Refractive index database

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Optical constants of METALS
Copper (Cu)

Wavelength: µm

Complex refractive index (n+ik)[ i ]

n   k   LogX   LogY   eV

Derived optical constants

Conditions & Spec sheet

n_is_absolute: true
wavelength_is_vacuum: true


Fit of experimental data from several sources to Brendel-Bormann (BB) model


A. D. Rakić, A. B. Djurišic, J. M. Elazar, and M. L. Majewski. Optical properties of metallic films for vertical-cavity optoelectronic devices, Appl. Opt. 37, 5271-5283 (1998)
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Copper, Cu

Copper (Cu) is a highly versatile transition metal with excellent electrical and thermal conductivity. While its primary applications span electrical wiring, plumbing, and various industrial machinery, it also finds specialized uses in optics. Notably, polished, bare copper is often the material of choice for high-power infrared mirrors, including those used in CO2 lasers, due to its high reflectivity in the infrared spectrum and exceptional thermal resilience. The metal's malleability and corrosion resistance further allow it to be shaped into intricate forms, making it invaluable across a range of industries. Whether in general construction or specific niches like high-power optical components, copper's multifaceted properties make it a material of critical importance.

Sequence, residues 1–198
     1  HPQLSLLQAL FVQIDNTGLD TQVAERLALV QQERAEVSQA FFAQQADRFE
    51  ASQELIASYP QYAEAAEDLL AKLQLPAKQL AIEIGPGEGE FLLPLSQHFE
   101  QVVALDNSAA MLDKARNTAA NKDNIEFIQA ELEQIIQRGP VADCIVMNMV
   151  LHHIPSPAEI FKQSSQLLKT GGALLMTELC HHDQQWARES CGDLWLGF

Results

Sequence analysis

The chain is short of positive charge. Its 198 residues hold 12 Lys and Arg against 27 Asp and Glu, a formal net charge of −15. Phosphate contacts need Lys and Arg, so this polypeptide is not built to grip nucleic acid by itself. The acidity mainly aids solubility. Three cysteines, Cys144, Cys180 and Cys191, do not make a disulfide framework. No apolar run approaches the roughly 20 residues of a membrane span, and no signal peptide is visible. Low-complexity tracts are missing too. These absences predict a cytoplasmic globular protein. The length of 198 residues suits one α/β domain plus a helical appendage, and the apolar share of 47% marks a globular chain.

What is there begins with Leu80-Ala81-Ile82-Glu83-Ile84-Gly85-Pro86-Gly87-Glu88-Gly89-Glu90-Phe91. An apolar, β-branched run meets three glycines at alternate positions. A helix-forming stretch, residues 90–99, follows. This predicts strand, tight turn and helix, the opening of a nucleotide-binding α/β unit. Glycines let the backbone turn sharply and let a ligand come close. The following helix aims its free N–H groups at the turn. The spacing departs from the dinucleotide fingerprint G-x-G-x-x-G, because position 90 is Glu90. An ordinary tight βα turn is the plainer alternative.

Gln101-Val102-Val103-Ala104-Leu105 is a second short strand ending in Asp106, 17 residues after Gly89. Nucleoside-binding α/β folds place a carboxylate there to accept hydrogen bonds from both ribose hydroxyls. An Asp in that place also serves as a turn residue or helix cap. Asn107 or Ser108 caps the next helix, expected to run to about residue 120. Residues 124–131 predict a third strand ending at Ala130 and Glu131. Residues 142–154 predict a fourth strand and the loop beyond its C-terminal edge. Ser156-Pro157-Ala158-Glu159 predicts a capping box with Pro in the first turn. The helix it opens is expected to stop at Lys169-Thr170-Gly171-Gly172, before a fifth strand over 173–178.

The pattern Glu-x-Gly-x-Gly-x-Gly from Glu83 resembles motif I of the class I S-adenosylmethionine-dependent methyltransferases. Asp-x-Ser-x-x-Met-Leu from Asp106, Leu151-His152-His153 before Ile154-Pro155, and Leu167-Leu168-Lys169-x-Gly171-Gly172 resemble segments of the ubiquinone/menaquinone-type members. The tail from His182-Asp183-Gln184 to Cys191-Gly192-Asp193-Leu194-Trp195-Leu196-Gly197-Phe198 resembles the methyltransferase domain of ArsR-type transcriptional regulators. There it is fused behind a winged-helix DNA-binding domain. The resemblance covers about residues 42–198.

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Metals are integral to a wide array of optical technologies, offering unique properties like high reflectivity, excellent electrical and thermal conductivity, and robustness under various environmental conditions. Commonly used metals in optical applications include aluminum, silver, and gold, each with its distinct advantages and challenges. For example, aluminum is prized for its cost-effectiveness and high reflectivity in the UV and visible ranges, while gold is favored for its stability and performance in the infrared spectrum. Metals are often used as thin-film coatings on mirrors, beam splitters, and various optical components to enhance reflectivity, filter wavelengths, or provide protective layers. In recent years, the study of metal nanostructures has opened up the field of plasmonics, enabling extraordinary optical phenomena like sub-wavelength focusing and surface-enhanced Raman scattering. However, it's important to note that metals are generally opaque and exhibit high losses for transmitted light, limiting their use to reflective or surface-based applications. Additionally, their optical properties can be influenced by factors like surface roughness, layer thickness, and oxidation state, necessitating precise control during manufacturing and usage. Despite these challenges, metals remain a cornerstone in the design of optical systems, offering a combination of durability, performance, and versatility that is difficult to achieve with other types of materials.

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